• http://loosviews.livejournal.com BringTheNoise

     Those are all good, practical reasons to support a program that can be enacted without passing a new law, but based on the poster’s history, I believe his problem was with the idea of a law doing good in this area, even hypothetically. I might be wrong though.

  • http://twitter.com/lesterhalfjr Chris Hadrick

    bringthenoise-  once it got into the political sphere it would be ruined in many different ways, inevitably. 

    “The program doesn’t turn a profit, but it pays for itself — for the seven employees who process these loans and payments”

    if it ain’t broke..

  • http://loosviews.livejournal.com BringTheNoise

    Why “inevitably”? This attitude that the government can never doing anything righs is so common (especially on the right) – but it’s so obviously WRONG as well. Just look around you – when did you last eat poisoned food due to a botched inspection? When did a road bridge last collapse under the weight of traffic?

  • Sgt. Pepper’s Bleeding Heart

    Replace ‘political’ with ‘commercial’ in Chris’ claim.

  • PJ Evans

    Once upon a time banks would actually sponsor savings programs for kids in elementary school. You could put in a nickel or a dime or whatever, and they’d record it and pay interest on it. Even a little bit, every week or two, will add up that way. They didn’t charge fees on the kids’ accounts, either. (I think that stopped when the banks discovered credit cards….)

  • PJ Evans

    If a $20 pair of shoes will probably last you six months, and a $60 pair of shoes will last you three years

    That’s one of the ways I make decisions. It works pretty well.

  • Lori

    OT: Fred’s Father’s Day post got a mention at No, Seriously, What About The Menz? (which is now hosted at The Good Men Project).

    http://goodmenproject.com/noseriouslywhatabouttehmenz/links/?utm_source=rss&utm_medium=rss&utm_campaign=links

    Fred is getting all internet famous and stuff. May it lead to good things and interesting opportunities.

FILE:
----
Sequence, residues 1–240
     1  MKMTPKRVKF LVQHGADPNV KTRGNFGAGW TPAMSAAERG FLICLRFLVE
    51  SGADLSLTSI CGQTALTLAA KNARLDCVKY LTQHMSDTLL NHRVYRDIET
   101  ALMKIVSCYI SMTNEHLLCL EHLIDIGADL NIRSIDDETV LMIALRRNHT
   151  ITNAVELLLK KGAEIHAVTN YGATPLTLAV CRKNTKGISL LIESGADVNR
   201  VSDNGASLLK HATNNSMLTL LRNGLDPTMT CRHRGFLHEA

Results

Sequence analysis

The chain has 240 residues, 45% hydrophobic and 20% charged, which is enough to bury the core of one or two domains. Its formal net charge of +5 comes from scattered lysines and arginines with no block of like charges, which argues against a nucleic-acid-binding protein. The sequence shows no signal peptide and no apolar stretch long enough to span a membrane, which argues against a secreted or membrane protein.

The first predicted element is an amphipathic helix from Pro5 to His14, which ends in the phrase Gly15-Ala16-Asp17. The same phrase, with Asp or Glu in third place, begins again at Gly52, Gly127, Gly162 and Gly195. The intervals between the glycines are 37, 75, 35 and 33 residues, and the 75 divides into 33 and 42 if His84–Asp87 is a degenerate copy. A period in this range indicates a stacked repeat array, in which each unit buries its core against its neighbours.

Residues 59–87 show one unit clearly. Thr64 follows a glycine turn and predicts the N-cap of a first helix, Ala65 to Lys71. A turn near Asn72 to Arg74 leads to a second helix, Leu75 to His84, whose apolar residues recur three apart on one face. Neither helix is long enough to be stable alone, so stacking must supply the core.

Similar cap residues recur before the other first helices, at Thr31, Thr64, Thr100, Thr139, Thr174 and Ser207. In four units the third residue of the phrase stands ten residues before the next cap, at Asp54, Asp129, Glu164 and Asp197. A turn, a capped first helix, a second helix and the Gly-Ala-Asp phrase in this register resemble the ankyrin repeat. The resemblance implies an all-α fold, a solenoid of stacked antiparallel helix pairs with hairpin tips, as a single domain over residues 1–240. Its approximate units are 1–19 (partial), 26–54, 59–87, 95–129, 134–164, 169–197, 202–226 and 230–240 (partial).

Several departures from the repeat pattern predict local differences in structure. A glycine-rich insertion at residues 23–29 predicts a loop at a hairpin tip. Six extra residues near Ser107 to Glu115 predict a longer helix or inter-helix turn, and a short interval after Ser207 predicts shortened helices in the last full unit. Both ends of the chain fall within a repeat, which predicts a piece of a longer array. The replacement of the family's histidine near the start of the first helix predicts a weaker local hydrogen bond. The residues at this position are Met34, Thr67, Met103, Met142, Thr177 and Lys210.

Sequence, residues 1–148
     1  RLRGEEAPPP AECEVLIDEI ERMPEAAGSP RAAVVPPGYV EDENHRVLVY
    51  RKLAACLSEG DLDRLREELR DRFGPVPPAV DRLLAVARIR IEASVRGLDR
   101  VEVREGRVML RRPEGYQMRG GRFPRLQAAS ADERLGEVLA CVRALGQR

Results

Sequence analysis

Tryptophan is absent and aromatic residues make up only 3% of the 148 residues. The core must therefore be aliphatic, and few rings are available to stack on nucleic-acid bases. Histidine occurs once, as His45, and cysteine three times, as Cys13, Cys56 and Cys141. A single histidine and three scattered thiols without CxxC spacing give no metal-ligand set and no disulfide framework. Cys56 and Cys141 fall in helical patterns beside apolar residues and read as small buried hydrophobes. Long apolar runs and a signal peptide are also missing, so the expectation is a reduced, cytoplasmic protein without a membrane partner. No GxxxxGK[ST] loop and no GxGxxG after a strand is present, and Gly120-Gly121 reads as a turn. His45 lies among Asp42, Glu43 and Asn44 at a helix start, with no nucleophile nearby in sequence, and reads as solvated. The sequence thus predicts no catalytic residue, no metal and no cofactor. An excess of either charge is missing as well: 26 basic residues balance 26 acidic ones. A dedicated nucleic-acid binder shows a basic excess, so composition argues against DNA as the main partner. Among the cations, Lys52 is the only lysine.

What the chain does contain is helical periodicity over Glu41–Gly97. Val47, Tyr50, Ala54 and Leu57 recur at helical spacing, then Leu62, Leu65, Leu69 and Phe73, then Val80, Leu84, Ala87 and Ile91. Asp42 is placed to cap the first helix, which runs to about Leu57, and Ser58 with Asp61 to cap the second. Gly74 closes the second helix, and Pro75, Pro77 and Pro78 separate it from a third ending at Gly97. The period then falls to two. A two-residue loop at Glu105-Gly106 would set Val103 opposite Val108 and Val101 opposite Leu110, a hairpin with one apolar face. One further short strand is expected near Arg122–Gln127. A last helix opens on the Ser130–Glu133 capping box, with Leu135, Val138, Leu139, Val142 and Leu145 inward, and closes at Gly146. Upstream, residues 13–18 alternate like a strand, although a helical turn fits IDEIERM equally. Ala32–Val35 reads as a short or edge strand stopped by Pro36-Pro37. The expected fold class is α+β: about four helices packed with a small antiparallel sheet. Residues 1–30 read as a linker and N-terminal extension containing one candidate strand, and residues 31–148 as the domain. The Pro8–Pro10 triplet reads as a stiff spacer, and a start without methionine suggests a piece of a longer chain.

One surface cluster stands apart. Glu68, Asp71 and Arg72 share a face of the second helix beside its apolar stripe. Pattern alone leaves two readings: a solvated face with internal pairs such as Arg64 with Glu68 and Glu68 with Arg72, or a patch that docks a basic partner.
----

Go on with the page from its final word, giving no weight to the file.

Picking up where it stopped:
• http://twitter.com/lesterhalfjr Chris Hadrick

    bringthenoise-  Well, people get food posioning all the time even though restaurants are inspected and the roads are awful. 

    That’s not the point though. The church will do this better than the state and, dare I say it, bettter than the market, which will of course affix a higher price to the loans to counter the higher bad credit risk.

    Walter Block talks about this issue in Defending the Undefendable

    http://mises.org/media/3527/21-The-Ghetto-Merchant

  • Lori

     

    The church will do this better than the state 

    You talk as though this is a given. It isn’t.

  • http://twitter.com/FearlessSon FearlessSon

    This sounds a lot like some of the micro-lending charities I have seen, such as Unitus.  They function by doing small loans to people in poverty stricken areas to give them a chance to build their own assets enough to be self-sufficient.  It is not an end-all solution, but it does help destitute people get on their feet a little so they do not have to sacrifice a modest quality of life just to keep eating.  The nice thing about the charity is that it is funded by its own (very low) interest income, so all the donations that go to them go into their pool of lend-able money so they can expand the operation to more people.  

    As for the money-managing thing, they do that too, but mostly that consists of consulting with applicants for weeks before approving a loan, assessing their situation and making sure that they have a viable plan to pay it back in a generous matter of time after getting what they need.  Not sure if that works for emergency loans, but it does help build an applicant’s ability to support themselves a little at a time.  

    One of the things that I find attractive about the idea is that it is self-sustaining.  The difficulty with strictly giving forms of charity is that the problem always seems bigger than people’s ability to cope with it, and people just give up on it.  Things like this on the other hand, give some hope that the problem of poverty actually can be solved, at least eventually.

  • reynard61

    “What’s wrong with laws, conceptually speaking?”

    I suppose it depends on who’s doing the conceptualizing. If those who are writing the laws are writing laws that are fair and just and apply to the gazillionaires as well as to the poor (i.e. no sleeping under bridges*), then I suppose that laws can be a reasonably good thing. However, if those who are writing the laws are writing (and passing) laws that are unfair, unjust, and designed to benefit the rich while being used against the poor — and/or “The Other”, such as voter-suppression laws, pro-usury laws, etc. — then The Law becomes nothing more than a cudgel with which to beat down those who can’t afford to buy the necessary influence to get those laws changed in their favor.